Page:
To understand the shift of strategies that occurs when working with games series’, let us construct another resource-limited cooperative game and examine it. Consider a race across an uncharted swampland in which some particular (unknown) artifact must be produced at some particular (unknown) place in the swamp. A team in this race would employ scouts and specialists of various sorts, and would create maps, route markings, bridges and so on. They racers would not, however, construct commercial quality maps, roads or bridges, since doing so would waste precious resources. Instead, they would estimate how much or little of a path must be cleared for themselves, how strong to build the bridge, how fancy of markings to make, how simple a map, in order to reach their goal in the shortest time.
If the race is run as part of a series, there will be new teammates coming after them to pick up the artifact and move it to a new place. The first team will therefore be well served to make slightly better paths, maps and bridges, always keeping in mind that doing this work competes with completing the current stage of the race. They also will be well served if they leave some people who understand the territory to be part of the next team. Thus, the optimal strategies for a series of races are different than for a single race.
There is no closed-form formula for winning the game. There are only strategies that are more useful in particular situations. That realization alone may be the strongest return for using the economic-cooperative game language: people on live projects see that they must use their minds at all times to observe the characteristics of the changing situation, to collect known strategies, to invent new strategies on the fly; and that since a perfect outcome is not possible in an overconstrained situation, they much choose which outcome to prioritize at the expense of which others.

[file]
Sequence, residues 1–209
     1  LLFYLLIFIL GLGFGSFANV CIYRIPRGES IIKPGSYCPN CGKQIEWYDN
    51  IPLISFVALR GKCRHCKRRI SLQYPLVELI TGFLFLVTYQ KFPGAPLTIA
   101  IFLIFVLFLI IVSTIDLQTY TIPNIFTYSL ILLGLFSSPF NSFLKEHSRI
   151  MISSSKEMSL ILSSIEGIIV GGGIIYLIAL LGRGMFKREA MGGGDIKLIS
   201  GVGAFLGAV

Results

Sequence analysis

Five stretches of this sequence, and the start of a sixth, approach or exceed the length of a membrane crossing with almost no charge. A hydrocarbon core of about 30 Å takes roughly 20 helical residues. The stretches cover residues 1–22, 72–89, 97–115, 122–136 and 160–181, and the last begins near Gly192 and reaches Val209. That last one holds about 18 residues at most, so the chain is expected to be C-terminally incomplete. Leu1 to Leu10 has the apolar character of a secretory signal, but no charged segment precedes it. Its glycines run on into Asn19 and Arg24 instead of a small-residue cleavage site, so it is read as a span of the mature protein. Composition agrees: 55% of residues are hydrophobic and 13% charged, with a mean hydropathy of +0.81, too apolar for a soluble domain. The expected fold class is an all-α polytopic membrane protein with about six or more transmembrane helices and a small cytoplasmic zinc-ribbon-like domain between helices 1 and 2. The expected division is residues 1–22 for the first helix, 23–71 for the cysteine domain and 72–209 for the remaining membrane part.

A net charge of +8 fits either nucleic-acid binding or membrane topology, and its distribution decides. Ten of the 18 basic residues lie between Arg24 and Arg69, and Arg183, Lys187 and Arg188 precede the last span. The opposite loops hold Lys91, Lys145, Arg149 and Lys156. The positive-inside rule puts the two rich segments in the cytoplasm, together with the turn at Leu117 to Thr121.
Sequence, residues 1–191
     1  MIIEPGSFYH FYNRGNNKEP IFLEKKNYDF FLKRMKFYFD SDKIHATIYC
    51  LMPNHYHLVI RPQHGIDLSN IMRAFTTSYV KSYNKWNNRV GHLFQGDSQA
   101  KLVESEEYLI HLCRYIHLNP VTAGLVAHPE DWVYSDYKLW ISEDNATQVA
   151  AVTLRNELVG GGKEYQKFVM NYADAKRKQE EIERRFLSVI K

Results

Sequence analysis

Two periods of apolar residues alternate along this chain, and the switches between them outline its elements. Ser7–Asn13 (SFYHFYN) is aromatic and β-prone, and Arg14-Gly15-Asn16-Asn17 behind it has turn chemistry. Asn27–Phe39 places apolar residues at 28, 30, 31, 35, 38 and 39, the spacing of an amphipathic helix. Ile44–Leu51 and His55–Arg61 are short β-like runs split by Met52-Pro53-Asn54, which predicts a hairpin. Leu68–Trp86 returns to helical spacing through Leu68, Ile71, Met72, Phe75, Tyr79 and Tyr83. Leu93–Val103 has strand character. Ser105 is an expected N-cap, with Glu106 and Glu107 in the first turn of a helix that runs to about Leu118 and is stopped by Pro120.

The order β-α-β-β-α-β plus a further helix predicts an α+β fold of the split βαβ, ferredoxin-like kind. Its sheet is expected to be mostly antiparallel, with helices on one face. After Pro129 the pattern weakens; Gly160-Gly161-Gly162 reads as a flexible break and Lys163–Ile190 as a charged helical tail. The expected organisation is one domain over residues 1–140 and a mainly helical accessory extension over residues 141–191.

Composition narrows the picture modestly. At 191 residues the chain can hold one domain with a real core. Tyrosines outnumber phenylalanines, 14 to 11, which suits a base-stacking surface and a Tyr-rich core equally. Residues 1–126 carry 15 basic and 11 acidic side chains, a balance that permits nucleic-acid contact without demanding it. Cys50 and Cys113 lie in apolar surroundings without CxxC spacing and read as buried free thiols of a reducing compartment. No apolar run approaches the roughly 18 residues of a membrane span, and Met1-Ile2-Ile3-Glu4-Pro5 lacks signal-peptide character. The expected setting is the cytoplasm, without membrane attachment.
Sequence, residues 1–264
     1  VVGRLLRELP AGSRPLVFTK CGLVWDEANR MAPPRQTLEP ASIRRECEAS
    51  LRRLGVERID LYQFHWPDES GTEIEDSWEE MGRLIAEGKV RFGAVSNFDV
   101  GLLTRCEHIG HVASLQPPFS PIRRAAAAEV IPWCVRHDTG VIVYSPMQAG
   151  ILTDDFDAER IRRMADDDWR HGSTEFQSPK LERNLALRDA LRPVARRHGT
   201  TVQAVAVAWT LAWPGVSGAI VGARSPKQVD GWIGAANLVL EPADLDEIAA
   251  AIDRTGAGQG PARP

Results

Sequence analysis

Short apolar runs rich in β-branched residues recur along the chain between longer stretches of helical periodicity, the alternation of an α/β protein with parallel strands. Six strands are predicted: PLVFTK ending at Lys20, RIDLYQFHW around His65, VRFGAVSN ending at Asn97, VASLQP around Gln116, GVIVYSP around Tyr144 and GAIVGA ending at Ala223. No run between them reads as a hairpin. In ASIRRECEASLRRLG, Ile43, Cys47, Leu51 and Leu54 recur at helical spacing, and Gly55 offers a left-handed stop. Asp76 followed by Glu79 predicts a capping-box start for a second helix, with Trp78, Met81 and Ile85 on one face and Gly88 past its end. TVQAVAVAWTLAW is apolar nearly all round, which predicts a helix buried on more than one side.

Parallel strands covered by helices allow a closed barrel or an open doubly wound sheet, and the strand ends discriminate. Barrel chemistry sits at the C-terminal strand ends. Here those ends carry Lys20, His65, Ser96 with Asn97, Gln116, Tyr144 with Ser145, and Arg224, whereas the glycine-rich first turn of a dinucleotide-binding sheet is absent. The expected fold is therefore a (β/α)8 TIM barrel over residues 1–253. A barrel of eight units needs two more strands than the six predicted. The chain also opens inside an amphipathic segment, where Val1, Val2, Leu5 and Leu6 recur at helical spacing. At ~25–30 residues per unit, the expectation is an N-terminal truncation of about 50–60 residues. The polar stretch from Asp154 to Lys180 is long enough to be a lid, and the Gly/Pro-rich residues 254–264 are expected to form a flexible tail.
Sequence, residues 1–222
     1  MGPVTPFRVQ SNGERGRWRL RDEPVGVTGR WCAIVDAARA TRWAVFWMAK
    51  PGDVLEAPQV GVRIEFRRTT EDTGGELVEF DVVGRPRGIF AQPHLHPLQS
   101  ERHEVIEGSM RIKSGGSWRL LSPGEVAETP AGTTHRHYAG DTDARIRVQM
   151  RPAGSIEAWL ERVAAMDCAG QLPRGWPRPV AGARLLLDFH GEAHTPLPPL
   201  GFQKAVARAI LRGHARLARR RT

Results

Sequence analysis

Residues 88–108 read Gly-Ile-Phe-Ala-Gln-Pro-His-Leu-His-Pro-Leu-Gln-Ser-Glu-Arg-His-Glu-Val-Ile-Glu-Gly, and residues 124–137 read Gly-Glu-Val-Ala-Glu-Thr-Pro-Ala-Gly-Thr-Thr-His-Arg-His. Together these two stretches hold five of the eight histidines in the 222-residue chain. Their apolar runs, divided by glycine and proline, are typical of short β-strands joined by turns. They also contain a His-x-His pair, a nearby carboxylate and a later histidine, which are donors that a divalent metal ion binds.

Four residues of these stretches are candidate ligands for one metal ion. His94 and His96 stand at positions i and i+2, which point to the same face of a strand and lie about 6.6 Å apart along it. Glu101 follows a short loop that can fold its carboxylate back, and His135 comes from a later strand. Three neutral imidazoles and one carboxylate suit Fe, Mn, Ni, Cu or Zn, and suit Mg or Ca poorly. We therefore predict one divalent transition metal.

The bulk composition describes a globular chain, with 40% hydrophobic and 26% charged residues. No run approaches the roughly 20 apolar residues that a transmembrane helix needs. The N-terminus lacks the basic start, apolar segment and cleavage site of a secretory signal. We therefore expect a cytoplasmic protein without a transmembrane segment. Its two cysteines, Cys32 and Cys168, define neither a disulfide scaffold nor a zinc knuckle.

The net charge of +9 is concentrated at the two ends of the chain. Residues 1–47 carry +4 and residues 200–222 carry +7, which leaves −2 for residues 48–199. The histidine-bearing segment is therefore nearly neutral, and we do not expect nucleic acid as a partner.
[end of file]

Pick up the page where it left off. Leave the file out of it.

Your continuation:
Cooperating and Communicating
At its core, software development is people inventing and communicating,
- solving a problem that they do not fully understand, which keeps changing underneath them,
- creating a solution that they do not fully understand, which also keeps changing underneath them, and
- expressing their thoughts in artificial and limited languages that they do not fully understand and that also keep changing underneath them, to an interpreter that is unforgiving of error,
where every choice has economic consequences, and resources are limited. Software development is a resource-limited, goal-directed, cooperative game, whose moves consist of invention and communication. The people, who are inventing, manipulating and communicating information across multiple heads, must share their information in order to produce the solution.
This means the speed of the project is proportional to the speed at which information moves between people’s heads. Every obstacle to detecting and moving information between heads slows the project. Understanding and attending to this issue is essential to playing the game effectively.
The following terms are elements of the cooperative game lexicon, and are concepts that help people both understand and steer projects:
- Ability, a combination of talent and skills development. Raw talent provides the ability to invent better solutions or see patterns faster. People can increase their skills in an area according to their talent. The combination of talent with developed skills produces a person’s ability in an area. Teams with greater ability in key areas have the potential to do better (whether they actually will do so depends on their strategies, as well as issues of community, communication, and motivation).
- Community, involving amicability, trust, morale and shared experience. Amicability is “the willingness to listen with good will.” As amicability decreases, people withhold information from each other or do not listen when provided information. Amicability is fed by trust and morale. Some people are initially trusting, and have high trust until they are hurt. Others are initially untrusting, and will only reach high trust after many demonstrations of competence and non-damaging behavior by the people around them. Their experiences as a group feed their ongoing trust, morale and amicability levels [Brown] [Tyler].